Search Results: "Holly Goddard Jones"


BOOK REVIEW

THE SALT LINE by Holly Goddard Jones
FICTION & LITERATURE
Released: Sept. 5, 2017

"It's The Hunger Games meets The Godfather meets Robin Cook, with female characters playing all the key roles. Hell, yeah."
Adventure travel in the dystopian future involves braving killer ticks and drug-farming rebels. Read full book review >

BOOK REVIEW

Released: Feb. 12, 2013

"There's not much suspense about the possible crime, but Jones builds intense tension surrounding the choices her flawed but compellingly sympathetic characters make as they fight against lonely isolation within the tight confines of small-town America."
The residents of a small Kentucky town react to the disappearance of a local woman in this first novel by short story writer Jones (Girl Trouble, 2009). Read full book review >

BOOK REVIEW

HOLLY by Ruth Brown
by Ruth Brown, illustrated by Ruth Brown
ANIMALS
Released: Nov. 1, 2000

"As a paean to a cat, it is sweet; as a Christmas gift for a cat lover, it is lovely; as a child's book, it misses the mark. (Picture book. 3-6)"
This slight holiday offering presents Holly, a kitten adopted at Christmastime (hence her name), and follows her as she overcomes an initial shyness and establishes herself firmly in the family's affections. Read full book review >

BOOK REVIEW

HOLLY by Albert French
FICTION & LITERATURE
Released: May 1, 1995

"An inconsequential, though honest, tale of love and life in race-conscious America."
Illicit love of the most explosive kind for a small town in 1940s North Carolina is the theme of French's second novel— following his acclaimed debut, Billy (1993)—but this would-be sizzler fizzles, defused by pointless heaps of girl talk and basic teen turbulence. Read full book review >

BOOK REVIEW

HOLLY by Jeff Outlaw
Released: July 16, 2014

"An amusing, somewhat peculiar story about secret government agencies, conspiracies and the bond of friendship formed in a crisis."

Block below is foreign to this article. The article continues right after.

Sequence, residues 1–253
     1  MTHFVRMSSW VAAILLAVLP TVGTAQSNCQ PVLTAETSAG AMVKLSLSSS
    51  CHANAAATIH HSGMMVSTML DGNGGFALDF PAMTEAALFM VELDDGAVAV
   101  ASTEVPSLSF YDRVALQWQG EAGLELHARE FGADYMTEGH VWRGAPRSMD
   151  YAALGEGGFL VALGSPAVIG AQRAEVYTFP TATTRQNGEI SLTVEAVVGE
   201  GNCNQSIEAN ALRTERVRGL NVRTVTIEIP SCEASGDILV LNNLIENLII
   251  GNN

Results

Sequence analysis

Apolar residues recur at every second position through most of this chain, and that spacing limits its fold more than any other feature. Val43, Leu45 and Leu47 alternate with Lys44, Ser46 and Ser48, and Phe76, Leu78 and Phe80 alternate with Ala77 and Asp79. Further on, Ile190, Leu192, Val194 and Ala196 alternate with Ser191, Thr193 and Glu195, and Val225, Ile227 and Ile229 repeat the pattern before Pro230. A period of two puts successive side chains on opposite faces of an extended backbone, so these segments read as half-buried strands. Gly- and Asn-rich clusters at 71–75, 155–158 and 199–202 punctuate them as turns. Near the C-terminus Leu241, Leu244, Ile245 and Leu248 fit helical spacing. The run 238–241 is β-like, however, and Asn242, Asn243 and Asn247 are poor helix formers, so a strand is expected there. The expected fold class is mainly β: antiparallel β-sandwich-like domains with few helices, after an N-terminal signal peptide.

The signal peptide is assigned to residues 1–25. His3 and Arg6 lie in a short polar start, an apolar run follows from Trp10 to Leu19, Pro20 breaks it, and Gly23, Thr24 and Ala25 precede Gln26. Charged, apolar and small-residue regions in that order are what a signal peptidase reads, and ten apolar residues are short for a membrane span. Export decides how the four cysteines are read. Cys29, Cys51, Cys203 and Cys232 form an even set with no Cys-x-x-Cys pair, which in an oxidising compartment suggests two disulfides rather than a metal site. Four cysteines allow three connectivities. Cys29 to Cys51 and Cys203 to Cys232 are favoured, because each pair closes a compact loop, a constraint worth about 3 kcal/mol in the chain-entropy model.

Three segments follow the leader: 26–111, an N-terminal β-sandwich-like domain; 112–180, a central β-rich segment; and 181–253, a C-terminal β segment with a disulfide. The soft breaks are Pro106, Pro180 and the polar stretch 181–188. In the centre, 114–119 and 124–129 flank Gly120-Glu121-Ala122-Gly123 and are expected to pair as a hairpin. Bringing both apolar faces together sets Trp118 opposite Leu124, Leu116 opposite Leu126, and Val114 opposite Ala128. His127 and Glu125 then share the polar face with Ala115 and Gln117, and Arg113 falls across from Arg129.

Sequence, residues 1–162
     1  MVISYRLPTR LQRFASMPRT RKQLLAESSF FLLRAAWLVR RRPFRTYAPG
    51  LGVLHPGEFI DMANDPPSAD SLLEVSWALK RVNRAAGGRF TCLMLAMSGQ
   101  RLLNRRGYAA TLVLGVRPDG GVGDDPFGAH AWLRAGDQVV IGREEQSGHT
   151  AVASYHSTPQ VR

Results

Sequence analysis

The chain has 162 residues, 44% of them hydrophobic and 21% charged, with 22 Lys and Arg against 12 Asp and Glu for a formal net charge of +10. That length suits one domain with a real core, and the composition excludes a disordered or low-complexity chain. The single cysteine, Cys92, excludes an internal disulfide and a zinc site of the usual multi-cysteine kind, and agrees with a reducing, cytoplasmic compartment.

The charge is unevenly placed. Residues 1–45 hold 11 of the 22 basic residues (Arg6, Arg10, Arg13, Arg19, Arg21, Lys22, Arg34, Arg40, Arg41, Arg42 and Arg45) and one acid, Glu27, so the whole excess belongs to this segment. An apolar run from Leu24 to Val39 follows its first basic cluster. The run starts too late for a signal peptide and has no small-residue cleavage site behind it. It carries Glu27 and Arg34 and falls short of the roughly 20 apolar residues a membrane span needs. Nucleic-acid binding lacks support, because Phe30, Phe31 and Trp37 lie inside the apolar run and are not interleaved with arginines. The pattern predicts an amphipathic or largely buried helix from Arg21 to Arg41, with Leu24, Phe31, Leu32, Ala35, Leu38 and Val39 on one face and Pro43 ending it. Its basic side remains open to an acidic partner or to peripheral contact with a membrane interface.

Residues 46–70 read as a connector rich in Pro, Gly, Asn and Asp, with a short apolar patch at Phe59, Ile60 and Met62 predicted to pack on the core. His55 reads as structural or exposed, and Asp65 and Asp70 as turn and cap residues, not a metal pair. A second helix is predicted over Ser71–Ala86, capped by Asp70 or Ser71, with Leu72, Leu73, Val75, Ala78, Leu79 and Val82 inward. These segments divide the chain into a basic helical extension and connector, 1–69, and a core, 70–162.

In Outlaw's illustrated YA/conspiracy novel, a cash-strapped college student befriends a young woman claiming to be a top-secret government spy on the run from the law. Read full book review >

BOOK REVIEW

MERRY MERRY HOLLY HOLLY by Dori Chaconas
CHILDREN'S
Released: Oct. 20, 2015

"A quiet, satisfying story about a charming pair of friends celebrating their affectionate bond. (Picture book. 3-5)"
The stars of a popular early-reader series move on to the picture-book world in this gentle story about finding a Christmas tree. Read full book review >

BOOK REVIEW

HOLLY STARCROSS by Berlie Doherty
FAMILY AND GROWING UP
Released: Sept. 1, 2002

"Well, Zed's identity turns out to be the best of the disclosures. (Fiction. 12-15)"
Everything Doherty writes is fresh and enchanting: exquisite language, brimming with love, telling stories all readers want to hear. Read full book review >

BOOK REVIEW

HOLLY BLUES by Susan Wittig Albert
MYSTERY THRILLER
Released: April 6, 2010

"Albert's Texas Hill Country mysteries (Wormwood, 2009, etc.) are always a good value for both the mystery and the horticultural insights."
Christmas with herbalist China Bayles and a visitor who spells trouble. Read full book review >

BOOK REVIEW

MOTHER HOLLY by John Warren Stewig
CHILDREN'S
Released: Sept. 1, 2001

"Westerman (Wynken, Blynken, and Nod, 1995, etc.) wields color like a magic wand, making well water translucent, peacock feathers iridescent, and the heavy silk of Rose's blue gown palpable. (Folktale. 7-10)"
A spirited and re-imagined retelling of a lesser-known tale by the Brothers Grimm. Read full book review >

BOOK REVIEW

JASPER JONES by Craig Silvey
FAMILY AND GROWING UP
Released: April 12, 2011

"A richly rewarding exploration of truth and lies by a masterful storyteller. (Fiction. 12 & up)"
Charlie is catapulted into adulthood when Jasper Jones knocks on his window on a blisteringly hot Australian night and leads him to a hidden glade where a girl is hanging from a tree, bruised and bloody. Read full book review >

BOOK REVIEW

SKIPPYJON JONES by Judy Schachner
CHILDREN'S
Released: Sept. 1, 2003

"Both feline hero and story are full of beans (more Mexican-jumping than pinto) but ay caramba, mucho fun. (Picture book. 5-8)"
Skippyjon Jones insists he's not a Siamese cat despite ears too big for his head and a head too big for his body. Read full book review >